Modeling Stream Network-Scale Variation in Coho Salmon Overwinter Survival and Smolt Size
DOI: 10.1577/T08-047.1
Title: Modeling Stream Network-Scale Variation in Coho Salmon Overwinter Survival and Smolt Size
Journal Title: Transactions of the American Fisheries Society
Volume: Volume 138
Issue: Issue 3
Publication Date: May 2009
Start Page: 564
End Page: 580
Published online: 9 Jan 2011
ISSN: 0002-8487
Affiliations:
a U.S. Environmental Protection Agency, Office of Research and Development, National Health and Environmental Effects Research Laboratory, Western Ecology Division , 200 SW 35th Street, Corvallis, Oregon, 97333, USA
b Department of Natural Resource Ecology and Management , Iowa State University, 339 Science I , Ames, Iowa, 50011, USA
c Oregon Department of Fish and Wildlife, 63538 Boat Basin Drive , Charleston, Oregon, 97420, USA
d U.S. Forest Service, Pacific Northwest Research Station , Corvallis Forestry Sciences Laboratory, 3100 Jefferson Way , Corvallis, Oregon, 97331, USA
e Dynamac Corporation, 200 SW 35th Street , Corvallis, Oregon, 97333, USA
Abstract: We used multiple regression and hierarchical mixed-effects models to examine spatial patterns of overwinter survival and size at smolting in juvenile coho salmon Oncorhynchus kisutch in relation to habitat attributes across an extensive Stream network in southwestern Oregon over 3 years. Contributing basin area explained the majority of spatial variation (R 2 = 0.57-0.63) in coho salmon overwinter survival (range = 0.02-0.63), with highest survival rates observed in smaller headwater and intermittent Streams. Other habitat attributes, including proportional pool area, percent exposed bedrock substrate, percent broadleaf canopy cover, and adult salmon carcass density, were relatively poor predictors of survival. Indices of individual fish condition, including fall parr fork length, condition factor, and parasite infestation rates, were also relatively uninformative in coho salmon overwinter survival models. Coho salmon smolt length was primarily a function of length at the time of fall tagging, but Stream type, contributing basin area (positive effect), thermal history (positive effect), and black spot infestation (i.e., trematode metacercariae; negative effect) were also important. The consistent, broad spatial gradients in overwinter survival observed in this study can help guide efforts designed to enhance coho salmon production in coastal Streams and suggest that habitat protection, restoration, and enhancement strategies will be best guided by a whole-basin context.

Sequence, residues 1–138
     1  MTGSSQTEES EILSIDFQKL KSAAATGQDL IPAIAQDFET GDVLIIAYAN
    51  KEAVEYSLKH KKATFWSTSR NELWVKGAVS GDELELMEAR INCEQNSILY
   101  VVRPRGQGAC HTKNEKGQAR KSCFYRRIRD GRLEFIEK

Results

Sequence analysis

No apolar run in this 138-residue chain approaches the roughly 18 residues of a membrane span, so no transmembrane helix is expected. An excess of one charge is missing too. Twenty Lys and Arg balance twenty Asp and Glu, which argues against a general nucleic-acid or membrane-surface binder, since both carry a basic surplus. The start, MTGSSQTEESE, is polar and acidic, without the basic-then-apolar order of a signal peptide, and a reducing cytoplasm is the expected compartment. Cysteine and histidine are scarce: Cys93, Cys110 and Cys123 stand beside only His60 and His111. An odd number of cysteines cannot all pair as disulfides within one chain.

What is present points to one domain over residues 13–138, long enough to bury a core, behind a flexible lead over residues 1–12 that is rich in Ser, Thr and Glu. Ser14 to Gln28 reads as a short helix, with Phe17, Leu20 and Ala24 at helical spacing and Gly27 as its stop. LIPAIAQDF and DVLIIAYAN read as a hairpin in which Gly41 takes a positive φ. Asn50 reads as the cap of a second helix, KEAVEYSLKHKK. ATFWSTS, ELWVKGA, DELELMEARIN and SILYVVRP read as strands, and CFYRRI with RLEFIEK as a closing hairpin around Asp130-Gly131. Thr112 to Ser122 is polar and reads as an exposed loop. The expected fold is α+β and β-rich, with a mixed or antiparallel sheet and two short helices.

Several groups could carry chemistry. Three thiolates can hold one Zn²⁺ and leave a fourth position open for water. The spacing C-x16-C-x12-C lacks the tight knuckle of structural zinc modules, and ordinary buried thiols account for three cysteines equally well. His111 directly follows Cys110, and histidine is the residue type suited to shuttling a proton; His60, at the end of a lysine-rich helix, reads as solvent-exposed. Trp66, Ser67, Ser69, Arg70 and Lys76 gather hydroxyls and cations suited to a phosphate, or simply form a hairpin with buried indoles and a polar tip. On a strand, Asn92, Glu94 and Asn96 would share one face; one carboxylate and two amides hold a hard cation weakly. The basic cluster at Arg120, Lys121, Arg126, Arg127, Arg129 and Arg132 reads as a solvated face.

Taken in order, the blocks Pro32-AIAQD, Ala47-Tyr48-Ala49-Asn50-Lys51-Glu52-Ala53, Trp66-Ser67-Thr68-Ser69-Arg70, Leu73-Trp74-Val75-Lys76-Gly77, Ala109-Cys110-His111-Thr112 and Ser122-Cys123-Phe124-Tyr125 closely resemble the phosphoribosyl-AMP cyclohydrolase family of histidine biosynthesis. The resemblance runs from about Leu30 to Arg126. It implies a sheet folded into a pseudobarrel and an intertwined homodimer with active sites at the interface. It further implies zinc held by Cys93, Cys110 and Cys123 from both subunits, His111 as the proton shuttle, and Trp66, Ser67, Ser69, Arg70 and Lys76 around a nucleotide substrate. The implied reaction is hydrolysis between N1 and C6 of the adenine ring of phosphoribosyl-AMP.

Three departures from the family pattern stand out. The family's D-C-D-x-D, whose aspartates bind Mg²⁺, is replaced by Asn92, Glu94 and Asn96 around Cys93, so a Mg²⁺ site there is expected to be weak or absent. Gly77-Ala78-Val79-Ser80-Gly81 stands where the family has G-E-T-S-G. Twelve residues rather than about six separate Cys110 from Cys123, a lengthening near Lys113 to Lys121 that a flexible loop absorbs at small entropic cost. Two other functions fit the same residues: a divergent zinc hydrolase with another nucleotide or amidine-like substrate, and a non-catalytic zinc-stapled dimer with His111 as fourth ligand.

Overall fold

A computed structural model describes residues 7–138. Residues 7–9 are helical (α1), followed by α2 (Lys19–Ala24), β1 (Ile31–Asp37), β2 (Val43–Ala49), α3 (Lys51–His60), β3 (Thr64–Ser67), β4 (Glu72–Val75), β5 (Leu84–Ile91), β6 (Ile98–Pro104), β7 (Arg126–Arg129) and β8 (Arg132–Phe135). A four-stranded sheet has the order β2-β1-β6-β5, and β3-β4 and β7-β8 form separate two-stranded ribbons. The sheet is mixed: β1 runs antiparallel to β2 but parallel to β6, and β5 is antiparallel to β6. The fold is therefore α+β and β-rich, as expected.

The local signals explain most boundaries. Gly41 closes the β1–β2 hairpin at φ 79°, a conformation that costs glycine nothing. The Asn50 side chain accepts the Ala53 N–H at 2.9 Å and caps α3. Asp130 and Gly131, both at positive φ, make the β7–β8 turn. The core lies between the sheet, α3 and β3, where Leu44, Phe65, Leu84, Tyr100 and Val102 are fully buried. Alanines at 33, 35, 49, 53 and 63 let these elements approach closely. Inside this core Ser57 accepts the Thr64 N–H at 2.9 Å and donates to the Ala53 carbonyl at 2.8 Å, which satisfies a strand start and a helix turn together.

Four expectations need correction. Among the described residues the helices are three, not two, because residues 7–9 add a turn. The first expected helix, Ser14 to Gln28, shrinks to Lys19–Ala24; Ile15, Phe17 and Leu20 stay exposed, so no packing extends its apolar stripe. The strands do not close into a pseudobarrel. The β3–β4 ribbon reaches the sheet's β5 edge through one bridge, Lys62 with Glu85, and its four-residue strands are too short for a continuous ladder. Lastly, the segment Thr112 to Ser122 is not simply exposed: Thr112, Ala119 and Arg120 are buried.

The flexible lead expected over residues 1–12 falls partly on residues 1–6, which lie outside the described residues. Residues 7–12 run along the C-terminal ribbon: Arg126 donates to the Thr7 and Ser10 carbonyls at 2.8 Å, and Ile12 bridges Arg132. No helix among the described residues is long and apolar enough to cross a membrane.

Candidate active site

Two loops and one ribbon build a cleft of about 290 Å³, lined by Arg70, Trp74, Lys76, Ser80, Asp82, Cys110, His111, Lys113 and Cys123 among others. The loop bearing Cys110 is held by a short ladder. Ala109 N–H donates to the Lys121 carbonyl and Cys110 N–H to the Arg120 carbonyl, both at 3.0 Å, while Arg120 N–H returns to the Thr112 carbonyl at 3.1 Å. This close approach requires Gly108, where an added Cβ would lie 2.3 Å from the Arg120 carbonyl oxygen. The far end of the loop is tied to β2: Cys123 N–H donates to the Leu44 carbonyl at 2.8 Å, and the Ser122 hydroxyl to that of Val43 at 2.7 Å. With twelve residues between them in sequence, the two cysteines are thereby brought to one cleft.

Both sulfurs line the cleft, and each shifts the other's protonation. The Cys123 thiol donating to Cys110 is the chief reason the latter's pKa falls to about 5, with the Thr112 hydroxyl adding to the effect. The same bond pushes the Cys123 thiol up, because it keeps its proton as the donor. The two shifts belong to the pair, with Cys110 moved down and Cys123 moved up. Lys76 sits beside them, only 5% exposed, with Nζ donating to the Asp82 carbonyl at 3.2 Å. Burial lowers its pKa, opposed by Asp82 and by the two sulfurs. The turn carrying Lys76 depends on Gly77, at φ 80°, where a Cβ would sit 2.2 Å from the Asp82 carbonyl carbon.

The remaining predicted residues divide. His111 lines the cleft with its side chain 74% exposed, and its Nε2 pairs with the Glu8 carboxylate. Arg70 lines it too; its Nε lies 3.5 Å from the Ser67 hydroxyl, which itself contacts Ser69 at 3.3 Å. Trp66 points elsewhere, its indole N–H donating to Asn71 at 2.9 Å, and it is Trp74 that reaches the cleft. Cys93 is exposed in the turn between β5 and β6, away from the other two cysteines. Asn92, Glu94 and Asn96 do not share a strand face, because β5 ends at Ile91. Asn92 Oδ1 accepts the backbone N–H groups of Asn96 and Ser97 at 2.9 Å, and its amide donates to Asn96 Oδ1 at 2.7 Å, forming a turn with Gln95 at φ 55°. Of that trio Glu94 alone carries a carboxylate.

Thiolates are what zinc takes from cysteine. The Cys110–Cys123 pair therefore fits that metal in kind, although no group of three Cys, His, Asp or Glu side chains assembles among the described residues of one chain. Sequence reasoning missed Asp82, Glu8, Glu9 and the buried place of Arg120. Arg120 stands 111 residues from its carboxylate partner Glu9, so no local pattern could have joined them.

Accepted: 26 Jan 2009

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